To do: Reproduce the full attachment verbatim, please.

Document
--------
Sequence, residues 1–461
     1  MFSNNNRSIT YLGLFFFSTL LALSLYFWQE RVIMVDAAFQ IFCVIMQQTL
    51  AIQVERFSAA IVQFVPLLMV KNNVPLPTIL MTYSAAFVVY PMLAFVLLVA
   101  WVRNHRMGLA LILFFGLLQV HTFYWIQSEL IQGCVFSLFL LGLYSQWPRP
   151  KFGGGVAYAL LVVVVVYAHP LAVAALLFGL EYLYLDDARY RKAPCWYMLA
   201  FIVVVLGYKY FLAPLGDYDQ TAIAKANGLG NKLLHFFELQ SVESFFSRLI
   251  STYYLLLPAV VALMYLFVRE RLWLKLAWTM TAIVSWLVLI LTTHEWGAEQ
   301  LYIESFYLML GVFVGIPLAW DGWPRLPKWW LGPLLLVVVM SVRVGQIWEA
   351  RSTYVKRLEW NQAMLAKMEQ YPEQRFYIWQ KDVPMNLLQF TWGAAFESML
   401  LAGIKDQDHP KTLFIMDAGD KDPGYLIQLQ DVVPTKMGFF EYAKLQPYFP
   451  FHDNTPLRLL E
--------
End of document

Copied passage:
Sequence, residues 1–461
     1  MFSNNNRSIT YLGLFFFSTL LALSLYFWQE RVIMVDAAFQ IFCVIMQQTL
    51  AIQVERFSAA IVQFVPLLMV KNNVPLPTIL MTYSAAFVVY PMLAFVLLVA
   101  WVRNHRMGLA LILFFGLLQV HTFYWIQSEL IQGCVFSLFL LGLYSQWPRP
   151  KFGGGVAYAL LVVVVVYAHP LAVAALLFGL EYLYLDDARY RKAPCWYMLA
   201  FIVVVLGYKY FLAPLGDYDQ TAIAKANGLG NKLLHFFELQ SVESFFSRLI
   251  STYYLLLPAV VALMYLFVRE RLWLKLAWTM TAIVSWLVLI LTTHEWGAEQ
   301  LYIESFYLML GVFVGIPLAW DGWPRLPKWW LGPLLLVVVM SVRVGQIWEA
   351  RSTYVKRLEW NQAMLAKMEQ YPEQRFYIWQ KDVPMNLLQF TWGAAFESML
   401  LAGIKDQDHP KTLFIMDAGD KDPGYLIQLQ DVVPTKMGFF EYAKLQPYFP
   451  FHDNTPLRLL E